Refrigerants play a vital role in our lives. They keep us cool, prevent food from spoiling, maintain the potency of vaccines and insulin, and so much more. Unfortunately, refrigerators and air conditioners use a lot of energy and contain harmful chemicals, so the cooling industry has a huge impact on the environment. As the world’s population continues to grow and temperatures rise, the challenge is in meeting surging cooling demands sustainably without creating new problems. Governments and companies around the world have pledged to crack down on climate-warming chemicals. Consumers can play their part as well.

A Brief Timeline of Refrigerants

Chlorofluorocarbons (CFCs)

Remember when shaving cream cans created a hole in the ozone over the Antarctic? That was because the aerosol propellants contained a specific class of chlorine containing chemicals known as chlorofluorocarbons (CFCs). These CFCs were also in refrigerants* for refrigerators and air conditioners (RAC), and while they were not harmful during the working life of these appliances, once they were disposed to landfill or junkyards and started to rust, the refrigerants leaked out, went up into the stratosphere, and destroyed ozone molecules, reducing the ozone layer’s capacity to shield earth from lethal levels of ultraviolet sunlight.

Luckily, CFCs were phased out after the landmark 1987 Montreal Protocol, arguable the most effective international environmental agreement ever written. With all 200 U.N. nations signing on, 90% of the world has rejected CFCs, and the ozone layer is expected to fully heal by 2060. But CFCs were replaced with chemicals with a different problem.

Hydrofluorocarbons (HFCs)

DuPont’s Freon (which was banned in 2020) was a standard CFC used in older residential and commercial refrigerators and air conditioners (RACs), but even before the Clean Air Act passed in 1990 industries were already creating “substitute refrigerants” called hydrofluorocarbons (HFCs). The addition of hydrogen allowed refrigerants to break down in the atmosphere more easily than the chlorine in CFCs did, so HFCs were touted as being safe for the ozone. But HFCs are hardly environmental. Although HFCs don’t deplete the ozone and may be safer than CFCs in that regard, their molecular structure allows them to readily absorb thermal radiation. Instead of escaping back into space, this heat gets trapped inside the atmosphere and creates a greenhouse effect. In fact, the global warming potential (GWP)** of HFCs is actually hundreds to thousands of times greater than carbon dioxide! For example, after 100 years, one type of HFC has a GWP of 12,400, compared to just 1 for CO2. (Source: Wikipedia).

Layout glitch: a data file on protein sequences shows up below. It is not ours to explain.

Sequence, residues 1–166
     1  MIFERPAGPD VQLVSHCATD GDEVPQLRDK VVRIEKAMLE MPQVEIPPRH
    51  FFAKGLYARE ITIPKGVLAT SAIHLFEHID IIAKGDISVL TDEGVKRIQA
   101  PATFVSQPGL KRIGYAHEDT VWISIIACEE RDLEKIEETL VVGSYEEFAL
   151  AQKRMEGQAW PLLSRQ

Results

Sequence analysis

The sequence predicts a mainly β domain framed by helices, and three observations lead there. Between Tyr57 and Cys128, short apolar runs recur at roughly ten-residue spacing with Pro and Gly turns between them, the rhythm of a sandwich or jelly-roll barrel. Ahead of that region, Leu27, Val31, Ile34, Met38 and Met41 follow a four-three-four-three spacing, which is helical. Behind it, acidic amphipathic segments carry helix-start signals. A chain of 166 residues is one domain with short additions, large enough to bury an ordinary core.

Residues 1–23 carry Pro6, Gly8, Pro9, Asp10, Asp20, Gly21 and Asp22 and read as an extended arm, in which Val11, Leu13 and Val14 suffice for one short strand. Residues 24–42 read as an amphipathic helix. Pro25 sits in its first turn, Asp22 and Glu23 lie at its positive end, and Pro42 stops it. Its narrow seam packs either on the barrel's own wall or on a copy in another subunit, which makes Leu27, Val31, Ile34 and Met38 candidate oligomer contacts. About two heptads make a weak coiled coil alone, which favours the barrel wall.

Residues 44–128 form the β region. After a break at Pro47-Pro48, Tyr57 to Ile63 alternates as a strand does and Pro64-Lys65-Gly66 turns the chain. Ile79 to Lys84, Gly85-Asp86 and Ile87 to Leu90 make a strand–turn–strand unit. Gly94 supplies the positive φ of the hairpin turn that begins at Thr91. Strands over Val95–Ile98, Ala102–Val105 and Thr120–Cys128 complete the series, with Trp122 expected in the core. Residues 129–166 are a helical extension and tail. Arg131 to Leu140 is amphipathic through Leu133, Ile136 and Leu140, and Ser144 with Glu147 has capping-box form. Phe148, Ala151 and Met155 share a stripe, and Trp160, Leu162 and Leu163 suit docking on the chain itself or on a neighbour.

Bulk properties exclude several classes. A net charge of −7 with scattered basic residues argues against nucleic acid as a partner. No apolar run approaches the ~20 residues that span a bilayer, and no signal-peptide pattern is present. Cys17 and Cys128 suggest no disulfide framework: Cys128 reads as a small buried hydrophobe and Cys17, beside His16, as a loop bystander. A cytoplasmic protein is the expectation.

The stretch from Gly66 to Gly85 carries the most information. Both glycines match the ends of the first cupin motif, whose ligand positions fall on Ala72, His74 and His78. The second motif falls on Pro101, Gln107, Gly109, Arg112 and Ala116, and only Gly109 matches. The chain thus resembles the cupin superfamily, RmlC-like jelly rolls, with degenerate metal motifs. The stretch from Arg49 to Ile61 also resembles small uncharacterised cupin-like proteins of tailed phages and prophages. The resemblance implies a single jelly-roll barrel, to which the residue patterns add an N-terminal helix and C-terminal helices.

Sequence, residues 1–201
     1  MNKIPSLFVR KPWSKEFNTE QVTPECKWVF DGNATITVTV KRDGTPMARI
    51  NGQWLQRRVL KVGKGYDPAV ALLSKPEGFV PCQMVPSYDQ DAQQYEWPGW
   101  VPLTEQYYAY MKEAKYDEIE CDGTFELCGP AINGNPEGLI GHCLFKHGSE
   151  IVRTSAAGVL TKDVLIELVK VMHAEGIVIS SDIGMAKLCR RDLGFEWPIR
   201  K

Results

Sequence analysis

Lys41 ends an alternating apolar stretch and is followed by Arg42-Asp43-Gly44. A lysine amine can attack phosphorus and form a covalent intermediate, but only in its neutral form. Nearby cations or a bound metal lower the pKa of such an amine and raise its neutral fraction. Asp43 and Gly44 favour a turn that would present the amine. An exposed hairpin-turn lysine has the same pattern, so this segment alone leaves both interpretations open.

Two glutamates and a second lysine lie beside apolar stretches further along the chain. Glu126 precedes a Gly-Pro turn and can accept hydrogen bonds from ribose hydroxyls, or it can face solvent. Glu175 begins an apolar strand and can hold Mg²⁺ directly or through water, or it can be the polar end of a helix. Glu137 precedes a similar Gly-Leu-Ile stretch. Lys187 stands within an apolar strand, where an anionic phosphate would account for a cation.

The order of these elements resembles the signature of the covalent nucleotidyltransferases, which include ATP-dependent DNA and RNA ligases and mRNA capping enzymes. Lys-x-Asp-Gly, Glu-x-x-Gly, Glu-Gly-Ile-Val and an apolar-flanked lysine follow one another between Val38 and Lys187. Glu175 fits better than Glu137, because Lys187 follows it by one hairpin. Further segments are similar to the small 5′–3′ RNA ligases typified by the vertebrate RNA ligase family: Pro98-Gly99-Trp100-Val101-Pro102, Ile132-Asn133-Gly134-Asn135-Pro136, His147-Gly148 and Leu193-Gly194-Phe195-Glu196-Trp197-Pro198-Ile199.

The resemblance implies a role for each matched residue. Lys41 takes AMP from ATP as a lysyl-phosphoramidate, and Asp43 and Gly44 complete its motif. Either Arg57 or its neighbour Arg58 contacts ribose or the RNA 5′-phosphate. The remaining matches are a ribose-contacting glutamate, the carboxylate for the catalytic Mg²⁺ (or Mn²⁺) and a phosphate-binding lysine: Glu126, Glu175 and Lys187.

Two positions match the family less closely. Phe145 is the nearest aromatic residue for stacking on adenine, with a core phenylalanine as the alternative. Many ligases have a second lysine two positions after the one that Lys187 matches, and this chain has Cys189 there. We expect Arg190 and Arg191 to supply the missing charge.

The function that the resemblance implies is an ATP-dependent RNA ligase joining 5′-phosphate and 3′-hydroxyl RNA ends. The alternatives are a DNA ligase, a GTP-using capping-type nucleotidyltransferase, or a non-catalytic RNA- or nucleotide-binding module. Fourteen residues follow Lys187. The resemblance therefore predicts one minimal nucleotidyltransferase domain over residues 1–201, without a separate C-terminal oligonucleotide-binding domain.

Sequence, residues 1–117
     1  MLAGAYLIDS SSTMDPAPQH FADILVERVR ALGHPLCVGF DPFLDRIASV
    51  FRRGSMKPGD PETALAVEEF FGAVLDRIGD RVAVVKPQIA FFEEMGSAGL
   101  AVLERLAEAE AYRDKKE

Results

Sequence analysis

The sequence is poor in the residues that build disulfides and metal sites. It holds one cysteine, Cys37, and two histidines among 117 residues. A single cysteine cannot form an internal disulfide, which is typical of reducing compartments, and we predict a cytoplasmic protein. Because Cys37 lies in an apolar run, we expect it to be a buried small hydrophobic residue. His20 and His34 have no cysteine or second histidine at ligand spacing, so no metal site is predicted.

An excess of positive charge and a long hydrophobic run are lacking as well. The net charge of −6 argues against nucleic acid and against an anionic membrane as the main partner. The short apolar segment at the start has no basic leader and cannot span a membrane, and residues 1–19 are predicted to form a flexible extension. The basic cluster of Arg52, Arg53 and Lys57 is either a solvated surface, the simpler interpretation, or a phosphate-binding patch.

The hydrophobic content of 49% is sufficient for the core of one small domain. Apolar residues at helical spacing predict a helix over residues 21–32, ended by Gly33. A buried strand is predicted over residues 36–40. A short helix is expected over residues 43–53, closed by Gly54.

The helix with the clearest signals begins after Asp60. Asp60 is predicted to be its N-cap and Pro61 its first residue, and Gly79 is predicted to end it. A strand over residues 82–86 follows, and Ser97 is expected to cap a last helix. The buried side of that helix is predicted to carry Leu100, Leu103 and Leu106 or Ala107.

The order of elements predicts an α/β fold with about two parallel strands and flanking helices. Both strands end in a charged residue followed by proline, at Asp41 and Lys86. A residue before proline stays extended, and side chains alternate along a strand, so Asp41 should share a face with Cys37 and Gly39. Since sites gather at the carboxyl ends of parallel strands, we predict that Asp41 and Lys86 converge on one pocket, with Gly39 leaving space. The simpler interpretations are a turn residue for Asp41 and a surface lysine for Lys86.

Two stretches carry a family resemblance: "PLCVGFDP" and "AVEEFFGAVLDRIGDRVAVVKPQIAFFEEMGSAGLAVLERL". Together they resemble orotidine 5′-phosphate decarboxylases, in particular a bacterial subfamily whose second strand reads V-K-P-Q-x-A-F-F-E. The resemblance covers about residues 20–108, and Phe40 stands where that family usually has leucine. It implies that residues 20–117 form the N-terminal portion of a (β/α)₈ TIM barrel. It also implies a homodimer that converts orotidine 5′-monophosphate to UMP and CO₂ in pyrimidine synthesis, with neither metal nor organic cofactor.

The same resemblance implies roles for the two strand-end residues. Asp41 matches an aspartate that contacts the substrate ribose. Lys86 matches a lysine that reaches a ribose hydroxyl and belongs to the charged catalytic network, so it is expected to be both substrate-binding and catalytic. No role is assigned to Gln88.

“Hydrofluorocarbons are the worst greenhouse gas that nobody's heard of,” says Danielle Wright, executive director of the environmental nonprofit the North American Sustainable Refrigeration Council. Researchers at Project Drawdown, a nonprofit that focuses on cutting greenhouse gases, puts management and disposal of HFC refrigerants at the very top of the list of global climate impact solutions.

Next Generation Refrigerants

Most new air conditioners contain a safer refrigerant called R-410A, also called Puron, which was approved by the EPA and considered a long-term solution, but even Puron is an HFC and will be banned in 2024. A next generation refrigerant called R-32 will phase out R-410A because it has one-third the global warming potential, but it too is an HFC and unsustainable. The perfect combination of planet-friendly traits seems elusive. As Wikipedia states: “The ideal refrigerant is non-corrosive, non-toxic, non-flammable, and does not deplete the ozone or have global warming potential. “

What Is Being Done Globally?

In response to the threat posed by HFCs, the Kigali Amendment was added to the Montreal Protocol in 2016 to mandate a global phasedown of the consumption and production of HFCs to the tune of 80% over the next 30 years. President Biden issued an executive order asking Congress to ratify the amendment, and the United States (as well as China) has pledged to do so. The goal is to prevent a 0.5 degree Celsius rise in global warming by 2100, which would help reach the goals of the Paris Agreement.